SciELO - Scientific Electronic Library Online

 
vol.33 issue4Organic mental disorder after pneumococcal meningoencephalitis with autism-like symptomsPsychiatric disorders associated with body image dissatisfaction author indexsubject indexarticles search
Home Pagealphabetic serial listing  

Services on Demand

Journal

Article

Indicators

Related links

Share


Brazilian Journal of Psychiatry

Print version ISSN 1516-4446

Rev. Bras. Psiquiatr. vol.33 no.4 São Paulo Dec. 2011

http://dx.doi.org/10.1590/S1516-44462011000400017 

LETTER TO THE EDITORS

 

Use of anticholinergic drugs and worsening of pemphigus foliaceus in a patient with bipolar disorder

 

Uso de anticolinérgico e piora de pênfigo foliáceo em portador de transtorno afetivo bipolar

 

 

Lúcio Botelho-NogueiraI; Lucas QuarantiniII; Ângela Miranda-ScippaII

IUniversidade Federal da Bahia, Hospital Universitário Professor Edgard Santos, Psiquiatria
IIUniversidade Federal da Bahia (UFBA), Hospital Universitário Professor Edgard Santos, Brazil

 

Dear Editor,

Pemphigus foliaceus (PF) refers to an autoimmune disease characterized by loss of epidermal intercellular adhesion manifesting as blistering and erosions of epithelial surfaces (acantholysis).1 It presents chronic course with little or no mucosal involvement.1 The onset of surface blisters in PF involves the action of autoantibodies IgG (mainly IgG4 subclass) directed agaist the cell adhesion molecules and appears to involve phosphorylation of intracellular proteins associated with desmosomes. The regulation of cell-to-cell and cell-matrix keratocytes is mediated by an important function of the keratinocyte (KC) acetylcholine (ACh) axis.2

Acetylcholine and cholinergic drugs can alter the assembly/disassembly of intercellular junctions of KCs and modify the shape and motility of KC in an autocrine/paracrine pattern. Either nicotinic or muscarinic antagonists cause acantholysis in KC monolayers2. The cholinergic agonists can reverse acantholysis induced by antagonists.3 Clinical trials using pyridostigmine bromide suggest that nonsteroidal treatment of PF patients can be achieved by pharmacologically stimulating keratinocyte cell-to-cell adhesion through the keratinocyte ACh axis.4

Psychotropic drugs with antimuscarinic activity seem to precipitate and/or worsen pemphigus. However, few case reports are available in literature about drugs with anticholinergic properties inducing adverse effects.

 

Case report

A 48-year-old female patient, with a 10-year-history of bipolar disorder type I, using valproic acid 1,500 mg, with appropriate serum level, and comorbity with Pemphigus foliaceous. During outpatient follow-up, she had frequent manic relapses, particularly when using high steroids doses (deflazarcot) for treatment of pemphigus recrudescence. The last manic relapse was associated with corticosteroids dose increase. Risperidone 2 mg has been started, titrated to a dose of 4 mg/day, reaching euthymia. She developed severe parkinsonism after risperidone was started, and biperiden has been associated with improvement of Parkinson syndrome. After the association with anticholinergic drug, there was worsening of bullous lesions and reduced effectiveness of the combination of glucocorticoids with immunosuppressive drugs (azathioprine) in the treatment of pemphigus. Thus, biperiden and risperidone were discontinued and the patient was started on Seroquel XRO 600 mg/day, she remained euthymia and had significant improvement of bullous lesions.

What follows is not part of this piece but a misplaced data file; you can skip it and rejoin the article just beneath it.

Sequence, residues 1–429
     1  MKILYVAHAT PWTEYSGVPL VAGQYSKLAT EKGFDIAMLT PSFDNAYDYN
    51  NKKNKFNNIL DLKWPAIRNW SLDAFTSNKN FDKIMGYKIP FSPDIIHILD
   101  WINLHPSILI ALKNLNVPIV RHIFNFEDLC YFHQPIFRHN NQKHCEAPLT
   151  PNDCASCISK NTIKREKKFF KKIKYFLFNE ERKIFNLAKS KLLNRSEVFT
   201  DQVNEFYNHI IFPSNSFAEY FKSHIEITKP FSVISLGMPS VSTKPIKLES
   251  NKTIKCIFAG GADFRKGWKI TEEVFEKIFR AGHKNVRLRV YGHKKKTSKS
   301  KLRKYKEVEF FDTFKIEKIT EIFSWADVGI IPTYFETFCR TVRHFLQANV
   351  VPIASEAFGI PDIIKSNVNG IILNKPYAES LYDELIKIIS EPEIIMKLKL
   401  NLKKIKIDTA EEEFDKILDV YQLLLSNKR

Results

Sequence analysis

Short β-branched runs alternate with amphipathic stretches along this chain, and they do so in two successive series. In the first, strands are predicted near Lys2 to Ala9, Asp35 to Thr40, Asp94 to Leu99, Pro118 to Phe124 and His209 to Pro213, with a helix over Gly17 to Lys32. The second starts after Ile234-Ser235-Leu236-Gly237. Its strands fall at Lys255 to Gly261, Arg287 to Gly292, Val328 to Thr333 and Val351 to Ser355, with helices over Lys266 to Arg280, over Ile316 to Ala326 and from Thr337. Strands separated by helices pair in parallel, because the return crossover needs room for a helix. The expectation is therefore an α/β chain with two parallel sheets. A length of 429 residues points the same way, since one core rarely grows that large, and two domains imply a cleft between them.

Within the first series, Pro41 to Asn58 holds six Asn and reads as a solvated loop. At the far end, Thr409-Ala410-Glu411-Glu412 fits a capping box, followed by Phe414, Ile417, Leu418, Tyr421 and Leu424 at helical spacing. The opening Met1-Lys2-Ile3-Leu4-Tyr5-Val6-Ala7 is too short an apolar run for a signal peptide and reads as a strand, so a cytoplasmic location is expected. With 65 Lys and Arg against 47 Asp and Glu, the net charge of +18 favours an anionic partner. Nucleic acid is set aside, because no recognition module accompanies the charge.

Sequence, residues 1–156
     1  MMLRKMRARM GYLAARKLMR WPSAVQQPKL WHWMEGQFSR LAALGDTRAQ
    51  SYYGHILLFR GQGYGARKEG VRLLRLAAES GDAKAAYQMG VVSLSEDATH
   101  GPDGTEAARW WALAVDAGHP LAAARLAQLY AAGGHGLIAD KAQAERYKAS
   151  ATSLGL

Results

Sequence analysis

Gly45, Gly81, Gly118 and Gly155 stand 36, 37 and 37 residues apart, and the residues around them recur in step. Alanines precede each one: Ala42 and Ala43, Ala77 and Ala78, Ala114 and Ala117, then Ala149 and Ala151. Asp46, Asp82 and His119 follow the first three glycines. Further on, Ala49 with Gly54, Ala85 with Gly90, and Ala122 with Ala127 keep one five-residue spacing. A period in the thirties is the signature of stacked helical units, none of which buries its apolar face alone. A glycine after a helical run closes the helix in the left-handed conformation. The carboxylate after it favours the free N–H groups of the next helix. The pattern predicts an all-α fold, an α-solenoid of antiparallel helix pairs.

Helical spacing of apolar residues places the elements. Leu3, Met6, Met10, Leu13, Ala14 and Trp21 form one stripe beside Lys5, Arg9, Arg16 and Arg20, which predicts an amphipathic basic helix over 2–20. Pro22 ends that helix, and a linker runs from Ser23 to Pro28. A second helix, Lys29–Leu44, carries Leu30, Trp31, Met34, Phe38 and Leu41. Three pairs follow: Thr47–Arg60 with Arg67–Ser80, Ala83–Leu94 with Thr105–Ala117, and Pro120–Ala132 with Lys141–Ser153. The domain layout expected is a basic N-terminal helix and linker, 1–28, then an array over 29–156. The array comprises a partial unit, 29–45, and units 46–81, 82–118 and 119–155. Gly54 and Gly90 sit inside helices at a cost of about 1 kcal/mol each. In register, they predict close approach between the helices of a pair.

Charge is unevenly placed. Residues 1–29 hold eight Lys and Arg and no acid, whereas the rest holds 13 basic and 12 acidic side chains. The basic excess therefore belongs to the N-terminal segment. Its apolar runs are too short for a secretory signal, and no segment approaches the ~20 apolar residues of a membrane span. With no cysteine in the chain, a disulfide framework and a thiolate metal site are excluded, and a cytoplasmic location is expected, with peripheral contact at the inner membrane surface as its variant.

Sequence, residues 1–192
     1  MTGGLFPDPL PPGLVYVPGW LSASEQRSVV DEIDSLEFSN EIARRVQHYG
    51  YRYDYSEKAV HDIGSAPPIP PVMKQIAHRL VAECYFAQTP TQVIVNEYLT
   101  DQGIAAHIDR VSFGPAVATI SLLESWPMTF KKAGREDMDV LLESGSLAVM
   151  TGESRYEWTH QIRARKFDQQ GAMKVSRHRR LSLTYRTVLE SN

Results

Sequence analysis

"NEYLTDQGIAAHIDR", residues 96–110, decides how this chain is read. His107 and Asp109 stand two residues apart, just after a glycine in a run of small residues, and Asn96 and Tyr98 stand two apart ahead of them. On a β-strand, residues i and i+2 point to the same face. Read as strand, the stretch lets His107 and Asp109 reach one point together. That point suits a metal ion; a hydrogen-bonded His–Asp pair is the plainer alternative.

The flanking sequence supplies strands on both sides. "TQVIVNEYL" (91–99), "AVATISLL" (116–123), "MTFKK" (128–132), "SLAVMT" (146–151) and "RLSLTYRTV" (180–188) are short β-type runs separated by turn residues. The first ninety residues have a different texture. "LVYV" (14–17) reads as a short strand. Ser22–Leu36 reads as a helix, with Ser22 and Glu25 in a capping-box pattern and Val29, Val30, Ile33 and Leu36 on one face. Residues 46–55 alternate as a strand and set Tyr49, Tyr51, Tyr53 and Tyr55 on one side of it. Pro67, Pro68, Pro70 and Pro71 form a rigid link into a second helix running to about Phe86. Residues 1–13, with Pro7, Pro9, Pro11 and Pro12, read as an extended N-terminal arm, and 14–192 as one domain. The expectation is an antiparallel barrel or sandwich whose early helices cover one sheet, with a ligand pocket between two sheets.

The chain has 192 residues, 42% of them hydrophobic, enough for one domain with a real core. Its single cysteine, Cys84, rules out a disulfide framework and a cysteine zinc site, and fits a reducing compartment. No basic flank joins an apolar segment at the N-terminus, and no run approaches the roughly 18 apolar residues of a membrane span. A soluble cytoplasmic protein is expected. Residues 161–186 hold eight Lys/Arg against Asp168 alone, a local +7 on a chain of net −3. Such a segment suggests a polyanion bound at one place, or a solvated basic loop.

Pemphigus destroys the patient's appearance and is a difficult-to-treat illness requiring long-term hospitalization and immunosuppressive treatment.1 Thus, it is expected that a disease as compromising represents a significant psychological impairment to the patient. Therefore, patients with bipolar disorder, for which stressful events represent a significant impact on the destabilization of humor,5 may be further compromised by serious comorbidities such as pemphigus, further worsening the prognosis. Thus, in the treatment of bipolar comorbidity with active pemphigus, to maintain an effective and well tolerated regimen, the use of anticholinergic drugs may be not recommended.

 

References

1. Namaz MR. Prescribing antidepressant drugs for pemphigus patients: An important point to keep in mind. Dermatol Online J. 2004;10(1):22.         [ Links ]

2. Grando SA. Cholinergic control of epidermal cohesion. Exp Dermatol. 2006;15(4):265-82.         [ Links ]

3. Grando SA, Dahl MV. Activation of keratinocyte muscarinic acetylcholine receptors reverses pemphigus acantholysis. J Eur Acad Dermatol Venereol. 1993:2:72-86.         [ Links ]

4. Grando SA. New approaches to the treatment of pemphigus. J Investig Dermatol Symp Proc. 2004;9(1):84-91.         [ Links ]

5. Quarantini LC, Miranda-Scippa A, Nery-Fernandes F, Andrade-Nascimento M, Galvão-de-Almeida A, Guimarães JL, Teles CA, Netto LR, Lira SB, de Oliveira IR,Post RM, Kapczinski F, Koenen KC. The impact of comorbid posttraumatic stress disorder on bipolar disorder patients. J Affect Disord. 2010;123(1-3):71-6.         [ Links ]

 

 

Creative Commons License All the contents of this journal, except where otherwise noted, is licensed under a Creative Commons Attribution License